Hydrilla has been confirmed in Connecticut, Massachusetts, Maine, and New York. Hydrilla poses a serious threat to the waters of the Lake Champlain Basin. Hydrilla is well established in the Erie Canal and the Cayuga Inlet in NY and could move through the Champlain Canal system into Lake Champlain.
Hydrilla spreads rapidly, is adaptable to a variety of habitats, and is very difficult to control once a viable population is established. It is capable of completely clogging waterways. Its vertical branches often out-compete native plants, affecting water quality and restricting flow. The widespread growth of this plant has dramatic impacts on recreational uses such as boating, fishing, and swimming.
More on Hydrilla
Quagga mussels (Dreissena bugensis) are native to the Caspian Sea area. They were first introduced to the Great Lakes in 1989 and can now be found throughout the Great Lakes, the St. Lawrence River, Erie Canal and in a few inland water bodies in New York. Quagga mussels pose many of the same threats to the Lake Champlain Basin as zebra mussels.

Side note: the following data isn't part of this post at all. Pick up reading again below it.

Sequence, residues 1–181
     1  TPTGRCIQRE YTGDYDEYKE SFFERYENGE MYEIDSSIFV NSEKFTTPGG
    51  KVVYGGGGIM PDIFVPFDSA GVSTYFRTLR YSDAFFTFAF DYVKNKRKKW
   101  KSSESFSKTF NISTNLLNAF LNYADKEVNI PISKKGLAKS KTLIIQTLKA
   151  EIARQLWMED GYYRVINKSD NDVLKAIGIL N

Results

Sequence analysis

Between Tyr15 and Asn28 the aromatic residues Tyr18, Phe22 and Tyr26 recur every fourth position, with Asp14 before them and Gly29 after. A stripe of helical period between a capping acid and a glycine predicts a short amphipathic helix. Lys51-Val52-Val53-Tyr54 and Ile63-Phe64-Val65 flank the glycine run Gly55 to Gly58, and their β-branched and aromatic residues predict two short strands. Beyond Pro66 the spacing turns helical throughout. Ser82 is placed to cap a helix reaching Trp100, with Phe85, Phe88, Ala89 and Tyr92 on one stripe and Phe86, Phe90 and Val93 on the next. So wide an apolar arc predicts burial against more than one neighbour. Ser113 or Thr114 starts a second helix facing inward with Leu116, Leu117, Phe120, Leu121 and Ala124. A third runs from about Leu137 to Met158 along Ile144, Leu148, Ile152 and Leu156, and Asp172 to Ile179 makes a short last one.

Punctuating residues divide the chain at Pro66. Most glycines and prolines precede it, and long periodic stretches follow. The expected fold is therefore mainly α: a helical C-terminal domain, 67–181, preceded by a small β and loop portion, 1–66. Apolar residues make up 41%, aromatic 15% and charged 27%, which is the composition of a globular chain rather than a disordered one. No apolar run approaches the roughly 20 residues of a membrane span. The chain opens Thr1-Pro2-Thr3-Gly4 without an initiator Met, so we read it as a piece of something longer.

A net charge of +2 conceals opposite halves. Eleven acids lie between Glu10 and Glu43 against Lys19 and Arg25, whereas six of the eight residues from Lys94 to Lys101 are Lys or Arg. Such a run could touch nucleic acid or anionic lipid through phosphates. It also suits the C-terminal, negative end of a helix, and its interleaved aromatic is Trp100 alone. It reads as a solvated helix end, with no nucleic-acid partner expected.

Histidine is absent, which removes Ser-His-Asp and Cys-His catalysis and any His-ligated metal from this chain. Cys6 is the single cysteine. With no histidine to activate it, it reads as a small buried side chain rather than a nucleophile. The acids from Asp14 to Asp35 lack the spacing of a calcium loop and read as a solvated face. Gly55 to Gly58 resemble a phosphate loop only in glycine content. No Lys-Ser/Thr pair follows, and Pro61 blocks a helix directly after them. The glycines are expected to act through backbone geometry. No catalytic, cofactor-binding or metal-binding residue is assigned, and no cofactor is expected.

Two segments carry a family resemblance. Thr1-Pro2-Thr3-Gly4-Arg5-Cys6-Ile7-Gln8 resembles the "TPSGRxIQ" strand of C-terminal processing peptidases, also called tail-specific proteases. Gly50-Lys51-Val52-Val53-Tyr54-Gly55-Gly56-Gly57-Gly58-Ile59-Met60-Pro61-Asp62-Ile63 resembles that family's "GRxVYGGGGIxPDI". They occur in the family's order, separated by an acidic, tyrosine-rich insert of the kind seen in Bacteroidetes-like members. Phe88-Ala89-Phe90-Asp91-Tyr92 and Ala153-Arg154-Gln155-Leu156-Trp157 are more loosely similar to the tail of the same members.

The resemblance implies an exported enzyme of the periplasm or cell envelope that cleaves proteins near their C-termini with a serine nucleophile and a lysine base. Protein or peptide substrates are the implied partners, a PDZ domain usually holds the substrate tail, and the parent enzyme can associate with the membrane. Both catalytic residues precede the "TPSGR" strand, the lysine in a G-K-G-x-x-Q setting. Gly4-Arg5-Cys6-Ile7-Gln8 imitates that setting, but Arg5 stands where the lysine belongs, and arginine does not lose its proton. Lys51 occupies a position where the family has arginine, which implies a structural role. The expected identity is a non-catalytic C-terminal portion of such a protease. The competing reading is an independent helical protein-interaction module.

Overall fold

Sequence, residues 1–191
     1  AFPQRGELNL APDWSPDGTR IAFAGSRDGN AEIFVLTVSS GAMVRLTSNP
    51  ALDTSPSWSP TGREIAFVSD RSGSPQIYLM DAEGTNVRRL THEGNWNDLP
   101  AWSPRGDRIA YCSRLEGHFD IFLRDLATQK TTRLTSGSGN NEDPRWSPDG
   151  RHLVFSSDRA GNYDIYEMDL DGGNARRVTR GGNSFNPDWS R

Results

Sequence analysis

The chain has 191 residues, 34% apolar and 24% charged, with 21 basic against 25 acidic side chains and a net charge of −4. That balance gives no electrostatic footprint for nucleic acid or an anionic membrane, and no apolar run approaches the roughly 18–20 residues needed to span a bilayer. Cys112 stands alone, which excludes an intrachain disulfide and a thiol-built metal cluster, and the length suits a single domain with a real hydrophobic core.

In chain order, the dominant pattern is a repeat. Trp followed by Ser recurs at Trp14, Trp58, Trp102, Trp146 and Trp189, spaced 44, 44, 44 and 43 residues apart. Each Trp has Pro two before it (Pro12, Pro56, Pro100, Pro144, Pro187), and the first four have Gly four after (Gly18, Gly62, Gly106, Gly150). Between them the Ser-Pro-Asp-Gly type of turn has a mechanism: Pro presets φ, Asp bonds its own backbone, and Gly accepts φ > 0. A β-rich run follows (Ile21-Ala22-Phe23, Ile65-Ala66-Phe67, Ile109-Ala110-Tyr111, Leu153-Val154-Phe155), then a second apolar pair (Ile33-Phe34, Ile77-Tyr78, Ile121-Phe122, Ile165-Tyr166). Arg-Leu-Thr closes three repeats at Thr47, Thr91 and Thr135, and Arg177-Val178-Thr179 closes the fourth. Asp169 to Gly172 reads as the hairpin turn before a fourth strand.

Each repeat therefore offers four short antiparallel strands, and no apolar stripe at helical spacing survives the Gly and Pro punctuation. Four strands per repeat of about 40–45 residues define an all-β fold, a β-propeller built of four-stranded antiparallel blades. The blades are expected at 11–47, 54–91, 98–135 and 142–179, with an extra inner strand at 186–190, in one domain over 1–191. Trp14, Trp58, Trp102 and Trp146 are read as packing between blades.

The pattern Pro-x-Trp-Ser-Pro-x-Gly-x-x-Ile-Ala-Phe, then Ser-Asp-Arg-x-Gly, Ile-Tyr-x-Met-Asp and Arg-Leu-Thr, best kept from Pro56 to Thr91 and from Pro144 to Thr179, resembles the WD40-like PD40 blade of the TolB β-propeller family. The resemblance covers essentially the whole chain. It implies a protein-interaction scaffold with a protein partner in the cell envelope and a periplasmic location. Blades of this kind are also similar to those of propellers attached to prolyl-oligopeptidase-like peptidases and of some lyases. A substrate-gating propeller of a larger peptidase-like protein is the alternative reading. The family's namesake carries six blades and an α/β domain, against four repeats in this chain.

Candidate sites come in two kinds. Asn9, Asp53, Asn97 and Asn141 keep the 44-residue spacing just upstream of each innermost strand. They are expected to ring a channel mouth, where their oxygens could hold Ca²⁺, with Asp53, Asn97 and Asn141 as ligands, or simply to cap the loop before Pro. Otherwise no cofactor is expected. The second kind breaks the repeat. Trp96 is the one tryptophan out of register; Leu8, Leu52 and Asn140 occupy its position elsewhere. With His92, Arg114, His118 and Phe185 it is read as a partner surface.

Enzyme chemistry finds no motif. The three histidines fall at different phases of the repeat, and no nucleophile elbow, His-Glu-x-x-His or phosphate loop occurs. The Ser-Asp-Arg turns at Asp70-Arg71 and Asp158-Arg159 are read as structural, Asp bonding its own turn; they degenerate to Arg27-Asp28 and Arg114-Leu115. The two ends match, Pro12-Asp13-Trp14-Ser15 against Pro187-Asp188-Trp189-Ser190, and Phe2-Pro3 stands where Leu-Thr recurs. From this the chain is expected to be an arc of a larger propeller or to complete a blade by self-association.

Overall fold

The quagga mussel is a close relative of the zebra mussel, but scientists believe that it poses a greater threat. Quagga mussels are able to colonize a wider variety of lake bottom surfaces than zebra mussels and are more tolerant of a greater range of temperatures, depth, and other environmental conditions. In the Great Lakes, quagga mussels already out-compete and have replaced zebra mussels in greater numbers, resulting in more substantial negative impacts. Quagga mussels have the potential to significantly amplify the negative impacts currently caused by zebra mussels in Lake Champlain and must be monitored carefully to prevent infestation.
More on Quagga Mussels
Native to Europe, the round goby (Neogobius melanostomus) was first found in the St. Clair River in 1990 and has subsequently expanded its distribution to many areas of the Great Lakes, Erie Canal, the interior of New York, and the St. Lawrence and Richelieu Rivers in Quebec. The goby is gray, four to ten inches in length, and is physically similar to other species native to US waters.